In contrast to the representation of Latinos in many films based on dominant cultural conceptions several films have surfaced that have Latinos both in front of and behind the cameras. Mi familia/My family is one film that is comprised of a majority of actresses and actors of Latino decadency in the featured roles.
Written and directed by Gregory Nava, the film Mi Familia did not focus on the traditional stereotypes of Latinos, instead portraying a more ‘typical’ family household trying to hold onto cultural values and traditions while striving for the American dream. The film focuses on several generations of the Sanchez Family. We follow Jose’s ( the father) journey to the U.S. in the 20’s, the family struggle in the 50’s, and the story finally culminates with the current struggles the family faces in modern day East Los Angeles. The story is narrated by Jose’s eldest son, Paco (portrayed by Edward James Olmos), as he chronicles his family’s life exlemplified by a rich tapestry of character and culture along with visual metaphors. Nava prominently features bridges throughout the film representing the huge divide between the Mexican-American community and the rest of Los Angeles.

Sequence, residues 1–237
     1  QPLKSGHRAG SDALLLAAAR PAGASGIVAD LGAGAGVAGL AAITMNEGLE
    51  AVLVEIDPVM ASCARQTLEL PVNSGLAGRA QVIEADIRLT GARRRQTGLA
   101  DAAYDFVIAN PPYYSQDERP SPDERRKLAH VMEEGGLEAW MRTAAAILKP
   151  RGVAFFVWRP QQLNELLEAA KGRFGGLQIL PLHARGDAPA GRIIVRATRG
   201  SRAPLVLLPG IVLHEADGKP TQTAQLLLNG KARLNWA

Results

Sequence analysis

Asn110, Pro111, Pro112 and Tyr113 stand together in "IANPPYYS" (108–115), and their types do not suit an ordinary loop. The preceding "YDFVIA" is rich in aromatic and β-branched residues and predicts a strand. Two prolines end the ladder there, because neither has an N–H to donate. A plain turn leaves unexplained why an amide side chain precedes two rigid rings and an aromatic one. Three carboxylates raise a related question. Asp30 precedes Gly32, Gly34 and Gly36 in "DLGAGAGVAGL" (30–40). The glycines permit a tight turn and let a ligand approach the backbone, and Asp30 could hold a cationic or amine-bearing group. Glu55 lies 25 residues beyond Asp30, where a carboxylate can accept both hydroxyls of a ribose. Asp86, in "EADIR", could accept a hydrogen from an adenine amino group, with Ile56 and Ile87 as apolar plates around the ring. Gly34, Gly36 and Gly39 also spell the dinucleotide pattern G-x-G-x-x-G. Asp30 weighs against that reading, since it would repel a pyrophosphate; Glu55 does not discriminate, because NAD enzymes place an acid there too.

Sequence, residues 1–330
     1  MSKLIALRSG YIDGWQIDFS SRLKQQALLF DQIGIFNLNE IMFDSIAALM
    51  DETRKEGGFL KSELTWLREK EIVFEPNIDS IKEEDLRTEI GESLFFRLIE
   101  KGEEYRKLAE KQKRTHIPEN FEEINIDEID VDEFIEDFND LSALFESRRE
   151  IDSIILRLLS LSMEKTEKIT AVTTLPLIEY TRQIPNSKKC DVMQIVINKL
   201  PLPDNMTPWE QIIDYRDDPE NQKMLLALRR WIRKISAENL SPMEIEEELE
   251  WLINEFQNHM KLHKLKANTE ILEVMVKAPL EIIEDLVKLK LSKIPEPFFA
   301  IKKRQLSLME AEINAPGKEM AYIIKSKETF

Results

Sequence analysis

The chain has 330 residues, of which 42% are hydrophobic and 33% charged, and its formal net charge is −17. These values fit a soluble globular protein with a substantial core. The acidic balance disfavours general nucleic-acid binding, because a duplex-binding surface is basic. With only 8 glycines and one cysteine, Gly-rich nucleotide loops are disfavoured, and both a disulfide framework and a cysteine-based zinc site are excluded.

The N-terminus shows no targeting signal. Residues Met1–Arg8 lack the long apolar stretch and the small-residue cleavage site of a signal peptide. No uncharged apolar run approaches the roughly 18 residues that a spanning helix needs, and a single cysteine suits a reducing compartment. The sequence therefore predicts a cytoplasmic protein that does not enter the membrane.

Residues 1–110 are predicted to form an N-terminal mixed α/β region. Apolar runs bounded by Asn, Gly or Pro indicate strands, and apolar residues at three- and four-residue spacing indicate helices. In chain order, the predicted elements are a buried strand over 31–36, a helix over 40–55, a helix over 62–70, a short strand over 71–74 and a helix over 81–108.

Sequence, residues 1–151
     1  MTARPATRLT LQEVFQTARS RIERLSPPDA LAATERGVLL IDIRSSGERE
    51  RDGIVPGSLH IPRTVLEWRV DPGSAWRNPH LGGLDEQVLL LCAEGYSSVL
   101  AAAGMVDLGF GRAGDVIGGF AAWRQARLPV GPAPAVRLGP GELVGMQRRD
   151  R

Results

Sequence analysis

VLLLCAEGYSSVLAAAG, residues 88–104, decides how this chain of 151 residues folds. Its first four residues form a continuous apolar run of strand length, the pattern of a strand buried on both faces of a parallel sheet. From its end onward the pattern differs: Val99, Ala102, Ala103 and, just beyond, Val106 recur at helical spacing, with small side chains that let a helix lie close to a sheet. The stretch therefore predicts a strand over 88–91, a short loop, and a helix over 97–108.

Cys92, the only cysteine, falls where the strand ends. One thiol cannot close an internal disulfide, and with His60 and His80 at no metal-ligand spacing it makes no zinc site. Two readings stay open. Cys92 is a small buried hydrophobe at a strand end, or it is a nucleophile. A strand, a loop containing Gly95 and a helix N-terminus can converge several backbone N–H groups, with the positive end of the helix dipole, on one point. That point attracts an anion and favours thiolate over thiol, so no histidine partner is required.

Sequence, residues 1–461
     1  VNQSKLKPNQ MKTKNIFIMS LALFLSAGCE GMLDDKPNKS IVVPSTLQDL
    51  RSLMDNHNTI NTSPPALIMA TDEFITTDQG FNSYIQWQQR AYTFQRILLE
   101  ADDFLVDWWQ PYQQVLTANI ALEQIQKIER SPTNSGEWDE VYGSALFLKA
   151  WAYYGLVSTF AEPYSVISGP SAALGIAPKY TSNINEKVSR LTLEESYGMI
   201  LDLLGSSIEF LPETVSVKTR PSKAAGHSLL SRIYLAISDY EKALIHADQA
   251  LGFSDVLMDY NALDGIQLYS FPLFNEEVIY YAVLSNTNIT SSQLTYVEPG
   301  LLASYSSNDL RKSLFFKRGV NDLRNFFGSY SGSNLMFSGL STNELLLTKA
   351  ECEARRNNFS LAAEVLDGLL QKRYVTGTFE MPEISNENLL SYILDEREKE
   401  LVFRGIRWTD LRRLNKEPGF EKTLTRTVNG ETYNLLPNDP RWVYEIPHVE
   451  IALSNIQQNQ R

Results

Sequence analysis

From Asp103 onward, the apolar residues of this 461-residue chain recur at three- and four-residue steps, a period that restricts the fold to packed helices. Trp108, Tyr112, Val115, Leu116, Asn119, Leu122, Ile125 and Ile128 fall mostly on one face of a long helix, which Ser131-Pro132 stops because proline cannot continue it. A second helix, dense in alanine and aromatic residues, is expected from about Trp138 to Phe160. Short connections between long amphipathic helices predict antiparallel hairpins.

Mi familia attempts to combat the racial construction of Latino people typically seen in Hollywood films-the stereotypical hot-blooded lover, gang member, the greaser, an entertainer or poor immigrant. In doing so, the film confronts some of the issues that have historically been oppressive to Latino-American people, such as crime, discrimination, economic hardship, while entwining the immigration policies, police discrimination and cultural biases that the Sanchez family experiences as part the Mexican-American community.